President Trump signed thehe and son-in-law and senior adviser Jared Kushner lobbied for, marking a significant bipartisan achievement in a time when successful bipartisan legislation on major issues is rare.
Mr. Trump signed the criminal justice reform bill in the Oval Office, after the House and Senate easily passed the legislation, with 12 Republican senators voting against the bill and all Democratic senators present voting for it. The legislation gives judges more discretion when sentencing some drug and lower-level offenders, and increases prisoner rehabilitation efforts.
Mr. Trump called the passage of the criminal justice bill in the Senate to be a "tremendous evening for the Republicans." Sen. Ted Cruz also spoke, praising Republican Sen. Mike Lee, a co-sponsor of the bipartisan bill.
"Mike bled for this bill," Cruz said.
But that accomplishment is being quickly overshadowed, with hours to go until a government shutdown that Mr. Trump says will last a "very long time" if the Senate doesn't approve a short-term spending bill that includes $5 billion in funding for his border wall. The president is urging Senate Majority Leader Mitch McConnell to use the "nuclear option" to lower the threshold for votes needed in the Senate from 60 to a simple majority, something McConnell has refused repeatedly to do because he knows Democrats could gain control of the Senate again in the future.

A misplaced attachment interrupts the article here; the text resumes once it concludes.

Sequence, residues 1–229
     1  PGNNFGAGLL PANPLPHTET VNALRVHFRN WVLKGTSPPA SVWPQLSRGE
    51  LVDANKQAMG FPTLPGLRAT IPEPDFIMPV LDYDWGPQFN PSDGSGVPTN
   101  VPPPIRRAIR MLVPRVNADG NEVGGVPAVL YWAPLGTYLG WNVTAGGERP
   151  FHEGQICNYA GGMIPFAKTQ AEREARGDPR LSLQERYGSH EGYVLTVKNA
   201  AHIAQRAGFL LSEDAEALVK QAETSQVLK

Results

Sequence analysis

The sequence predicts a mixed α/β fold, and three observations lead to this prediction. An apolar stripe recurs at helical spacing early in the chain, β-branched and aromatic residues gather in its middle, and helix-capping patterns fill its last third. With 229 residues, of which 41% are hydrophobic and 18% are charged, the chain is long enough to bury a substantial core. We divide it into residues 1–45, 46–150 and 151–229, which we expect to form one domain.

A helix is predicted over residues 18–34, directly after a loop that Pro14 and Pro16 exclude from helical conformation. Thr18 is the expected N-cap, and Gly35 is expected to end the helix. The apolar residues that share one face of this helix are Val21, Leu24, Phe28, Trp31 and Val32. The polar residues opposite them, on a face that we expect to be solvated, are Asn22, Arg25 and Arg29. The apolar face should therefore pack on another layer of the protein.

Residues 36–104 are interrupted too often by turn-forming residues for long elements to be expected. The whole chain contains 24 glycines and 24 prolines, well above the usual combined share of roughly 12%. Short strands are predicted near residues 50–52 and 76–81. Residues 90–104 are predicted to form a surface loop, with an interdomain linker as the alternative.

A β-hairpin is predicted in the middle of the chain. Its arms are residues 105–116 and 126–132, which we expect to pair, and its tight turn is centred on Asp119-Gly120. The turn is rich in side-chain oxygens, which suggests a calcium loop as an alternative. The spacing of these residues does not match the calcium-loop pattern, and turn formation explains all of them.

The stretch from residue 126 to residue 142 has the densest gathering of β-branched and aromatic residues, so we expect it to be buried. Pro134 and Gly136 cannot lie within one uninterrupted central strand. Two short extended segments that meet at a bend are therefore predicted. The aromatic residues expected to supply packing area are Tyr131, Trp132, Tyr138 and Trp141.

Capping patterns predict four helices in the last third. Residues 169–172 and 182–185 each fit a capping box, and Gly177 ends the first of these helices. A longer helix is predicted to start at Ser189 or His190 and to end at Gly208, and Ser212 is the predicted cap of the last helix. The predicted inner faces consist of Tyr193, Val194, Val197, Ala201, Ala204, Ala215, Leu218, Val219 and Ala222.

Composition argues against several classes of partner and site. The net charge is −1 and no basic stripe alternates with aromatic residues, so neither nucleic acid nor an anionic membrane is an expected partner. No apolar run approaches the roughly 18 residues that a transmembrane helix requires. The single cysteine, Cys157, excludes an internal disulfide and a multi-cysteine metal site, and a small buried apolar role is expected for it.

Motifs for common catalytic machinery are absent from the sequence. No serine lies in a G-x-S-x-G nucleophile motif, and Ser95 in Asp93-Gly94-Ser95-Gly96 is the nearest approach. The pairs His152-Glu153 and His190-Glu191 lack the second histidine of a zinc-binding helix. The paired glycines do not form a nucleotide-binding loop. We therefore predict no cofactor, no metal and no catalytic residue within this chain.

"It's totally up to the Democrats as to whether or not" there is a shutdown, Mr. Trump said during the bill signing. "We are going to be working very hard to get something passed in the Senate," he added. He also said that he was "totally prepared for a really long shutdown."
Although Mr. Trump previously said he was "willing to take the mantle" for the shutdown, he is now blaming congressional Democrats if one occurs.
"There's a very good chance it won't get passed. It's up to the Democrats. So it's really, the Democrat shutdown, because we've done our thing," Mr. Trump said.
On top of that, news thatn, amid planned U.S. drawdowns in Syria and Afghanistan, raised concerns from even the president's closest allies about where the nation's national security is headed. Mattis, in his resignation letter said that the president should have a defense secretary who more aligns with his views.